If you've had fun with Docker containers, I now introduce you to Kubernetes and wish you the best of luck. I'm still learning myself! I decided to install IBM Cloud Private Community Edition following the Installation guide at IBM's Knowledge Center.
If the preceding posts on Node.js and MongoDB have been too complex for you, let me introduce you to a simpler drag-and-drop “flow-editor,” Node-RED.. It was developed and open-sourced by IBM, and is now hosted by the OpenJS Foundation (the same foundation that hosts projects like jQuery, and Dojo). I’ve used Node-RED for quick prototypes and demos, as it’s easy to explain each step of the flow. It saves a lot of coding effort and reduces errors buy providing built-in and pre-built third-party “nodes”.
Previously, I described my development environment setup using Docker containers. I do it in a totally different way from most tutorials, which I don’t believe leverage containers and complicate things by having to build images for development.
Here I explain how I wire up (i.e. network) a few containers - a MongoDB database, a Mongo Express User Interface to manage the database, and a Node.js container using JSON Web Tokens (JWT) to authenticate users against the database.
My requirement is to do all development debugging in a container, so I am assured of consistent behaviour in any environment. I do not want to install Node.js or npm locally on my mac! I cannot be bothered to use a Makefile or Dockerfile to build images - this is only required in the final stage for production!
I’m usually quite pedantic when it comes to minimizing code and optimizing web page performance. I was a bit surprised to find that this blog’s page speed was far from ideal! Google PageSpeed Insights returned a very low score for this blog. Back when I started this blow, I must’ve neglected optimization, as I was too busy learning Grav, modifying my template, etc.
If, like me, you use Parallels Desktop Lite, then I have bad news for you. It's no longer free to run macOS or Linux, so DON'T update it if you still want to use it!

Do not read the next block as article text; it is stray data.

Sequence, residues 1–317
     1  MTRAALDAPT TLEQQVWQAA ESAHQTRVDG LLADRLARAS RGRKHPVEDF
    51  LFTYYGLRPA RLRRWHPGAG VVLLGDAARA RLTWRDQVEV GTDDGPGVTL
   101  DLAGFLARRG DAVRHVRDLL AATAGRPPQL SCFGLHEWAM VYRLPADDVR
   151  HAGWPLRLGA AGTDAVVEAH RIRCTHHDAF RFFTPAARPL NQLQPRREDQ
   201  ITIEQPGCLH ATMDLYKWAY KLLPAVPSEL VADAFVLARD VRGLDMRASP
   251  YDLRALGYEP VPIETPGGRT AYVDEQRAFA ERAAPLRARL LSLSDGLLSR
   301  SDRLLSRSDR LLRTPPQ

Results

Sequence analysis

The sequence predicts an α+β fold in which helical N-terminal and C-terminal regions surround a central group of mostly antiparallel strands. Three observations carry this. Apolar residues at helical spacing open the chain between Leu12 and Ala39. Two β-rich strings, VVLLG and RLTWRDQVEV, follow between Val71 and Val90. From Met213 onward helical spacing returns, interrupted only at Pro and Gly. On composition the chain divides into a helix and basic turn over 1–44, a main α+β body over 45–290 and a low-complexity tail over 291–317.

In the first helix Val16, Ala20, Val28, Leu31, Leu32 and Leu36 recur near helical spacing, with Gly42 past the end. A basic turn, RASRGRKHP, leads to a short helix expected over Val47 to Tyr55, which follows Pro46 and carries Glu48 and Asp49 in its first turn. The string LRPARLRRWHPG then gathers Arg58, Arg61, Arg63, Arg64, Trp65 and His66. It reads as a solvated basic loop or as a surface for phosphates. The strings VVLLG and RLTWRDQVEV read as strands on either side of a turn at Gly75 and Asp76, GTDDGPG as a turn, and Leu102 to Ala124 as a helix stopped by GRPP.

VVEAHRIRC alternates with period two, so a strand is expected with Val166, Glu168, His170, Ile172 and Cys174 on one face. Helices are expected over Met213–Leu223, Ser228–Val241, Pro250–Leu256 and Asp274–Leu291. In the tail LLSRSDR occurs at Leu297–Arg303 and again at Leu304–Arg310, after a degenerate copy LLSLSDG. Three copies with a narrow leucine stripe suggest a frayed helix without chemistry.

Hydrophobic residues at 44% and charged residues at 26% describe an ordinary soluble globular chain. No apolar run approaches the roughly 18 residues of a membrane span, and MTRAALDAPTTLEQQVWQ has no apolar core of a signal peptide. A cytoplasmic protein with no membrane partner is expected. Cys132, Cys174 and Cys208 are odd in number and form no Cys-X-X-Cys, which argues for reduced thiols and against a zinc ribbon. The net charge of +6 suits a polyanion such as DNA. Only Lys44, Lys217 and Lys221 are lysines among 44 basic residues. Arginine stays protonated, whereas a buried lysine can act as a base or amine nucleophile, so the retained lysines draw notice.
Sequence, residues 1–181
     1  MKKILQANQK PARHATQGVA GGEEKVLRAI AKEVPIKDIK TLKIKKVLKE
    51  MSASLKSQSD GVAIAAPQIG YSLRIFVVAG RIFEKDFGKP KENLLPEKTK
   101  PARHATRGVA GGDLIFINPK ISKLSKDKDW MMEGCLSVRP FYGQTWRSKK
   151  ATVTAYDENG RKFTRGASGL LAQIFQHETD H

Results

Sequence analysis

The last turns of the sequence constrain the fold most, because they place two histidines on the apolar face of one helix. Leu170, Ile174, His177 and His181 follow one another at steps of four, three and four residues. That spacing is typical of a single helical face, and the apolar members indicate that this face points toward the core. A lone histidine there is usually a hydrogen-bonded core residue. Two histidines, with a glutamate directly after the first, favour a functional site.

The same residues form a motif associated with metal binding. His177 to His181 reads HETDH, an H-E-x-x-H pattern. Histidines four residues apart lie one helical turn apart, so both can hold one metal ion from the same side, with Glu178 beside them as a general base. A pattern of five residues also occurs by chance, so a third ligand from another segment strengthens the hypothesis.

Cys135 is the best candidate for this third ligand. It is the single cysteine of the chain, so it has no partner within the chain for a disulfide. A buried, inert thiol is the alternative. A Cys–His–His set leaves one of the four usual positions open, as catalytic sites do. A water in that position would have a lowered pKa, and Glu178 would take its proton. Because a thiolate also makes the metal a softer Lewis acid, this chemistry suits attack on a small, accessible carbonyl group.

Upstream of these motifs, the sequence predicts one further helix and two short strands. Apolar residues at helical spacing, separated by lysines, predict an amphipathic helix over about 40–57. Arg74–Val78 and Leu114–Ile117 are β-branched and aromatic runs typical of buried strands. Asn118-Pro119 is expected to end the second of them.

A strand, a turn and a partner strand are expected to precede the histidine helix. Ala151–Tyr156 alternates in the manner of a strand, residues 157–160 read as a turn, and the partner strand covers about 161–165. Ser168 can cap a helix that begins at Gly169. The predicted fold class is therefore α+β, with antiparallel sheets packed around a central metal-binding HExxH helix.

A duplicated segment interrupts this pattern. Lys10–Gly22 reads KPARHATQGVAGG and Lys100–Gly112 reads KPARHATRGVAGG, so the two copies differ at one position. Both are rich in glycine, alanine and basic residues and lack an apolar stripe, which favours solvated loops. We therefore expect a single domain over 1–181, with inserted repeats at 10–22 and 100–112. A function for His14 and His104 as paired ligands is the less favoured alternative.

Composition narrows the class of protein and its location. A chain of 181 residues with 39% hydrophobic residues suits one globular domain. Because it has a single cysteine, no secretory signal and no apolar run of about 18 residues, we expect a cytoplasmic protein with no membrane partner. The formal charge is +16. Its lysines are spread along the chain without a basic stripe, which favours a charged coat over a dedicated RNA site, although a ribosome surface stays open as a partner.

Want to remove macOS services (a.k.a. daemons)?
Today I tried to copy files and folders off a USB hard disk (NTFS formatted) on my Windows 7 desktop. I encountered multiple files with permission problems. The manual method to change permissions is very tedious, so I created a script (DOS batch file) to do the same.
So you miss the physical Escape key on your brand new MacBook Pro with Touch Bar? Here's my fix to re-map a seldom used key to Escape.
I know this is very late, but I wanted to post two things I noticed with macOS Mojave regarding the new Screenshot.App tool and Dark Mode.
I got macOS Mojave 10.14 / 10.14.1 installed in Parallels very easily! But encountered some graphics issues with certain apps... and managed to find a workaround.
Well, it turns out that after creating a PowerShell script to list deleted files (part 1) and another PowerShell script to monitor for deleted, renamed or moved files (part 2), I've decided to revert to a simple, batch file instead because running a batch file is so much easier than PowerShell!
This is part 2, of my attempt to "sync" photos I deleted on my desktop to my SD card (you can read part 1 first). In this post, I try to use PowerShell with .NET framework to (try) monitor for file system changes, and output to a batch file that "replicates" the
ren (rename) and
del (delete) to files and folders.
I have an unusual workflow when copying photos from my camera's SD card to my Windows desktop. For any photos I my desktop, I want to also delete on the SD card. In this post (part 1 of 2), I describe my PowerShell script to "repeat" what I deleted on the desktop on the SD card. In my next post, part 2, I expand the PowerShell script to (try) monitor for file system changes instead.
I recently bought a Fujifilm X-E3 interchangeable lens camera to "replace" my Sony NEX-6 (links to DPReview). I'm very happy with the camera and impressed at the plethora of customization options. Here is a table I created to familiarize myself... obviously I like tables!